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Sunday, 25 September 2016

From England to the World

Family migration around the world
I recently tried to find a list of family members who had emigrated from England to the rest of the world.  Despite finding historic passenger lists in various place putting together a comprehensive list proved impossible.

I have taken the opposite approach and found the family groups around the world and then tried to work out how they got there, not always with success.  Using this approach I have produced a list of male family members I know have emigrated and settled around the world.  Some of these individuals settled and produced large family groups in their new country; others have no surviving children with the family name; others returned home deciding life abroad was not for them and others died young in the harsh conditions of their new country.

The list is not complete and I am sure I have missed some emigrants.  If you know some family member who ventured abroad and is not on the list is please share you knowledge as a comment, or in an email or write an article that I can share on the blog.

In the interest of privacy I have only listed the families where the person who emigrated was born before 1916.

List of male family members (born before 1916) known to have settled around the world

James Fabian Titheradge born 1809 in Portsmouth, Hampshire; emigrated to USA about 1838*** 

Alfred Titheridge born in 1833 In Winchester, Hampshire; emigrated to Australia about1854

Henry Titheridge born in in 1836 in Winchester, Hampshire; emigrated to Australia in 1856

Robert Titheridge born in 1839 in Winchester, Hampshire; emigrated to Australia in 1856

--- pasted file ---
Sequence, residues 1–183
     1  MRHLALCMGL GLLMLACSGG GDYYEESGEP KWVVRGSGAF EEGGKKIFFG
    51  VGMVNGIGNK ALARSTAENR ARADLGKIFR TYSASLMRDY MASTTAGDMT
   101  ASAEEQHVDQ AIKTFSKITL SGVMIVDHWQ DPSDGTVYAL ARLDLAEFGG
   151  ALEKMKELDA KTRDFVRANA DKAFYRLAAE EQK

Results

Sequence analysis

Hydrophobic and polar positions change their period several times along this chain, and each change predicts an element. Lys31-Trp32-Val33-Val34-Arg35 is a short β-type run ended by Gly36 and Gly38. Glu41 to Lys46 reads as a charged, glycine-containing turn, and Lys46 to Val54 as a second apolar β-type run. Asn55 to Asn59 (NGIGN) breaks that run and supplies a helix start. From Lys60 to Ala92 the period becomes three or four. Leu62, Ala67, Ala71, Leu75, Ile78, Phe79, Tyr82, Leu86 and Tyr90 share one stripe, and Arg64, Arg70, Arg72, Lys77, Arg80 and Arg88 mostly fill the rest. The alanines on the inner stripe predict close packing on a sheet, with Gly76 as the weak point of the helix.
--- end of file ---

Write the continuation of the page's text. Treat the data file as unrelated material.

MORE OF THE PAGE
James Titheridge born in 1840 in East Meon, Hampshire; emigrated to New Zealand about 1873

Frederick Titheridge (later called Titheradge) born 1842 in Droxford, Hampshire; emigrated toAustralia

James Titheridge (later called Titherage) born in 1844 in Kilmeston, Hampshire; emigrated to Canada about 1881, later the family moved to USA

William Tidridge born in 1845 in Bishops Waltham, Hampshire; emigrated to Ireland about 1882

George Sutton Titheradge (and second wife) born in 1848 in Portsmouth, Hampshire; emigrated to Australia about 1878

John Tytheridge born in 1849 in Kent; emigrated to South Africa about 1900

Walter Robert Tytheridge born in 1849 in Kensington, London; emigrated to New Zealand in 1904

Daniel Pitt Titheridge born in 1850 in Winchester, Hampshire; emigrated to Australia in 1870

Alfred born in 1850 in Bishops Waltham, Hampshire; moved to Wales 1886

Alfred Titheradge born in 1859 Paddington, London; emigrated to USA 1887*** 

Joseph Tytheridge born in 1868 in Chislehurst, Kent; emigrated to USA about 1895

Arthur Earnest Titheridge born 1869 in Stoke Newington, London; emigrated to South Africa about 1891

Alfred William Tidridge born in 1871 in Millbrook , Hampshire; emigrated to USA about 1890s

Henry Augustus Lionel Titheradge born in 1873 in Newcastle, emigrated to Australia about 1891

Sutton Wallace Titheradge born in 1877 in Leicester; emigrated to Australia about 1898

Ainslie Burton Tytheridge born in 1878 in Richmond, Surrey; emigrated to Canada about 1900s

John Harry Tidridge born in Ireland in 1883; emigrated to Canada in 1919, later some of the family moved to USA

William Edward Titheridge born 1884 in Hartley Witney, Hampshire; emigrated to Canada before 1930

Alan Courtney Tytheridge born in 1889 in Epson, Surrey; moved to New Zealand with family then emigrated to Fiji in 1914 and later Japan